"Pallene" sculptural stand detail in cast silicon bronze and Paradiso Classico granite base

I continued the casting and base material for the nameplate of the piece, made of black lacquered brass, engraved on the front with the name of the artwork, and on the back with a detailed list of the materials used. At home in the stand, the knife point rests in a spool-piece of turned and polished Imbuya hardwood secured through the bronze casting like a vine wrapping around a limb. The ricasso of the blade rests in a neoprene-lined notch in one of the bronze leaves, and the sheath rests closely behind the knife blade. The sheath tail is inserted in a bronze socket in the sculpture, and the sheath top rests on a split bronze leaf. The arrangement of the bronze leaf rising above the wide sheath is countered by the heavy, wide leaves below the knife handle and gives just the balance of arrangement I was looking for.

"Pallene" knife sculpture. Arrangement of bronze, stone, steel, leather, and skin is a mixed-media sculpture unique in the world.

Pallene is a unique mixed-media sculptural piece as well as a functional and highly sophisticated tool, made with the most advanced and superior materials and treatment possible for a knife. United with ancient techniques, style, and materials, it is like no other working art in the world. I am so very proud of this piece, and honored that my patron will give if a great home with his family. I pray it gives many generations of inspiration to know that man's oldest tool will outlive all challenges we may face in our lives.

Please look over the many photos of this piece; you can tell I'm grateful to have invested my heart, mind, and hands in this creation. Thanks for allowing me to share my vision.

"Pallene" Knife Sculpture
  • Size
    • Overall Sculpture: 10.6" (26.9 cm) height x 24.0" (61 cm) wide x 8.0" (20.3 cm) depth
    • Knife: Length Overall: 18.25" (46.4 cm), Blade Length: 13" (33 cm) , Thickness: .252" (6.4 mm)
  • Weight
    • Sculpture with Knives: 18 lbs. (8.16 kg.), Knife: 2 lbs. (907 grams), Sheath: 15 oz. (425 grams)
  • Blade: CPM154CM high molybdenum martensitic stainless steel, hardened, cryogenically treated, tempered to 62HRC, hand-engraved, hollow ground, mirror polished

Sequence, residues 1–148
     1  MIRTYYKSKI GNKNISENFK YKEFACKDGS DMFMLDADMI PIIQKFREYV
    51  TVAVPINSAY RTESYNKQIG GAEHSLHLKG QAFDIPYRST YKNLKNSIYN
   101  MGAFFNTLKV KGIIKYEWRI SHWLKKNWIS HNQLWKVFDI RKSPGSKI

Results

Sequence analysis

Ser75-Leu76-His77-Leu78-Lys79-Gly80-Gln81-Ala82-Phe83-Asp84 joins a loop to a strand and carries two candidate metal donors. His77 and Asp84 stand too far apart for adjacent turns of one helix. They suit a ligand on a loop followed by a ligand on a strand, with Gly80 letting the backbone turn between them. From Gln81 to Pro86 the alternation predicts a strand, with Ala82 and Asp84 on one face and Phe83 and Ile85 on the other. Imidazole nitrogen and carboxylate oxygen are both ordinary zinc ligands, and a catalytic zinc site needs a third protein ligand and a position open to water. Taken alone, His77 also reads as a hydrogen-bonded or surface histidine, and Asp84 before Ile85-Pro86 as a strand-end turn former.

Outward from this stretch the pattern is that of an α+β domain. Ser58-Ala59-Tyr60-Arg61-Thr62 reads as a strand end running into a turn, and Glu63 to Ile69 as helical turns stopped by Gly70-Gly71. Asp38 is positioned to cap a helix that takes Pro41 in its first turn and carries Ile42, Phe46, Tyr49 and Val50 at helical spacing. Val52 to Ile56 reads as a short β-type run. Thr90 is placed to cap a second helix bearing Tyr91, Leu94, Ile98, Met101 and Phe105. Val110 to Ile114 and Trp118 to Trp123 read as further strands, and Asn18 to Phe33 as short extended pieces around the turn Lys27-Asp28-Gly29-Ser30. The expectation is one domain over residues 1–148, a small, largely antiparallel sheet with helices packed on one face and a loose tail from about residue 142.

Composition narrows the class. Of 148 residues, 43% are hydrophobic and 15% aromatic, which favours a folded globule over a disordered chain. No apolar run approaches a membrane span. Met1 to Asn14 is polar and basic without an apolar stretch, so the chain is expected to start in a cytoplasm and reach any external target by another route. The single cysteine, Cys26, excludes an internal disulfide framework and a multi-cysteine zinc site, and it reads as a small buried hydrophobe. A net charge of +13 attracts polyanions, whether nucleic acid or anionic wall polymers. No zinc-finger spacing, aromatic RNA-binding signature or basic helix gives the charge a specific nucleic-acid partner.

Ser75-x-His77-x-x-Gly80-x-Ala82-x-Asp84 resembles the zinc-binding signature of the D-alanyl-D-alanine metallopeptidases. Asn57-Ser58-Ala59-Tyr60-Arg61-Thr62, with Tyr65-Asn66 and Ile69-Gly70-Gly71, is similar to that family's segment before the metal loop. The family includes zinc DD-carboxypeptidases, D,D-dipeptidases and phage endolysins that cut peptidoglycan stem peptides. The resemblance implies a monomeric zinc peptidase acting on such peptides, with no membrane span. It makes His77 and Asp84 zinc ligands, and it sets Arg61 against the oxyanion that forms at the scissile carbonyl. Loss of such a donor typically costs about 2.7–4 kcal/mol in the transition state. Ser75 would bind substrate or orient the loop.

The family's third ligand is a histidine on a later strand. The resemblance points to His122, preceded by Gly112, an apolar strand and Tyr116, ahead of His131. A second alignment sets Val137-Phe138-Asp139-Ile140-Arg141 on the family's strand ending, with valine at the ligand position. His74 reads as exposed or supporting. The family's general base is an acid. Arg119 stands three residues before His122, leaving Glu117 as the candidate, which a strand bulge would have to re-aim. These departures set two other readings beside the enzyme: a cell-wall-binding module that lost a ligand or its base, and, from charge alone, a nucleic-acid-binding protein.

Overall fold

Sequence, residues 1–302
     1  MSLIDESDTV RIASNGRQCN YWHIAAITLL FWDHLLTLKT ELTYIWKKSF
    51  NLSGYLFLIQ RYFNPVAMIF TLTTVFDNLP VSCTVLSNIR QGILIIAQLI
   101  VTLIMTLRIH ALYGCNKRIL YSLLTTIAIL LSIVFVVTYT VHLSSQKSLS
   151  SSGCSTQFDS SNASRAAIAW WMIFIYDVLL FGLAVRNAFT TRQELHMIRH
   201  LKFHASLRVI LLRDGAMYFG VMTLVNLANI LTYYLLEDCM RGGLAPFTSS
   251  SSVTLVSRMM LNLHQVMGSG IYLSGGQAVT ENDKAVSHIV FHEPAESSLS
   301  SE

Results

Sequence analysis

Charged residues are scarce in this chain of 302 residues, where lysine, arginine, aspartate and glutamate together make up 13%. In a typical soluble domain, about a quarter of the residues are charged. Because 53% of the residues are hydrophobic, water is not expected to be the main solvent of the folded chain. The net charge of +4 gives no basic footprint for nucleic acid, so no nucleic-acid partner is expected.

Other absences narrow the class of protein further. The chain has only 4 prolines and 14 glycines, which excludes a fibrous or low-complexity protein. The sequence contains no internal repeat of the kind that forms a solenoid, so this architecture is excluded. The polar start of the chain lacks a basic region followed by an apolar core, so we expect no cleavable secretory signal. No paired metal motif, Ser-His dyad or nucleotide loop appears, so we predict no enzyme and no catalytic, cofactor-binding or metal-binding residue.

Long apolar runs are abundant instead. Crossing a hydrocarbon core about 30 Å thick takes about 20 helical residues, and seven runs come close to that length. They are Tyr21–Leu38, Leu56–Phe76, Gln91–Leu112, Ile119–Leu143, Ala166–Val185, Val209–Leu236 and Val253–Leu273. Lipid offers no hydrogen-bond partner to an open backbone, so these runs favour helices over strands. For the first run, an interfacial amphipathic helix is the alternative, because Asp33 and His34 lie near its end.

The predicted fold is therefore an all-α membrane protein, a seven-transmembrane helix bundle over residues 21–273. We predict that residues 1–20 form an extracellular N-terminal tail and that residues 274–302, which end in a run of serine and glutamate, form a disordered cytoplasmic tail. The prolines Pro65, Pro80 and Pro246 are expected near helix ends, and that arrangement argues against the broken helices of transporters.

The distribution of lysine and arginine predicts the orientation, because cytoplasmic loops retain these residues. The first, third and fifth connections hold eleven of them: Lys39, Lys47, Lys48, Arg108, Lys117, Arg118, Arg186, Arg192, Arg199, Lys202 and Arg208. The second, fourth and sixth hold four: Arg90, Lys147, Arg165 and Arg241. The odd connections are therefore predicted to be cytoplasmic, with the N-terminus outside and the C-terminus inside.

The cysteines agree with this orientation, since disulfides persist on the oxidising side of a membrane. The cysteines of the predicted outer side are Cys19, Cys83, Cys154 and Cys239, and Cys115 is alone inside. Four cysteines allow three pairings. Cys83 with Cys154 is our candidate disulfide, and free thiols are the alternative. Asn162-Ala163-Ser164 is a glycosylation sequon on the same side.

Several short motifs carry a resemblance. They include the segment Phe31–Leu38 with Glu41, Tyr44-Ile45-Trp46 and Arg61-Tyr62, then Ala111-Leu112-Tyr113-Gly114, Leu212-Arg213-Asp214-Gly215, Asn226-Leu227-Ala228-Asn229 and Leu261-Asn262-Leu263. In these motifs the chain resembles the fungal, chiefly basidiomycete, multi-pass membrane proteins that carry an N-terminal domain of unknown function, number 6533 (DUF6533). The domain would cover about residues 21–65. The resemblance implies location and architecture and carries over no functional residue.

• Bolsters: 304 high nickel, high chromium austenitic stainless steel, hand-engraved
  • Handle: Brecciated Jasper/Hematite (Painted Valley, Kenya, Africa)
  • Sheath: Hand-carved leather shoulder, hand-dyed in burgundy and black, inlays of black rayskin, black polyester hand-stitching
  • Stand/Sculpture: Silicon Bronze hand-cast by lost wax process, polished and waxed, Imbuya hardwood
  • Base: Polished Paradiso Classico Granite (India), neoprene, engraved black lacquered brass nameplate and materials plate in granite and silicon bronze
  • Fasteners: All 18-8 austenitic stainless steel

Thanks, C. B.!

I received the "knife" that I ordered and I have been contemplating for several days now how I might be able to adequately express in words my feelings.  It is stunning.  I have been a long time admirer of the kukri style knife and I remember when I first came across your Phlegra knife style on your website over 6 years ago.  I knew that I had to have it.  We have had several discussions over the development of the project since I first ordered it and I think that the best decision I made was to give you full artistic license and request that you create something that you felt would be worthy of your skills and time.  You are a visionary.  I have imagined over the years what it might look like, but I could have never been prepared for what arrived.  It is a masterpiece. There is no other way to describe it.  I feel that I own the finest knife ever made, I really do.  The entire composition of the knife, sheath, and display are perfectly cohesive and complimentary.  It really is difficult to pay attention to anything else when you are in the room where it is displayed.  I appreciate and value hard work more than most.  I don't know many people who work harder than I do at my job, though my reasons for working as hard as I do are well known to you.  When I think about what went into the production of this piece, the hours, the attention to detail, the precision, focus and skill required to create something of this magnitude; I feel compelled to admit that I underpaid by a substantial amount what it is worth.  It is priceless to me.  It will survive for generations and will be a legacy piece in my family.  I hope to one day be able to give it to my son.
One day, I would like to sit down with you and express to you personally how much I appreciate what you have made for me.
Thank you Mr. Fisher.

C. B.

Mr. Fisher,
AMAZING work in the Pallene... that must be one of your best (if not the best) works of art you have ever created. You really demonstrate your superb skill in this one. From the blade shape, grind, hand engraving, polish; everything is just so perfect. Even the sheath and stand are superb by themselves. You must have put enormous effort and time to create the whole package.
Thank you for sharing this.

--H. R.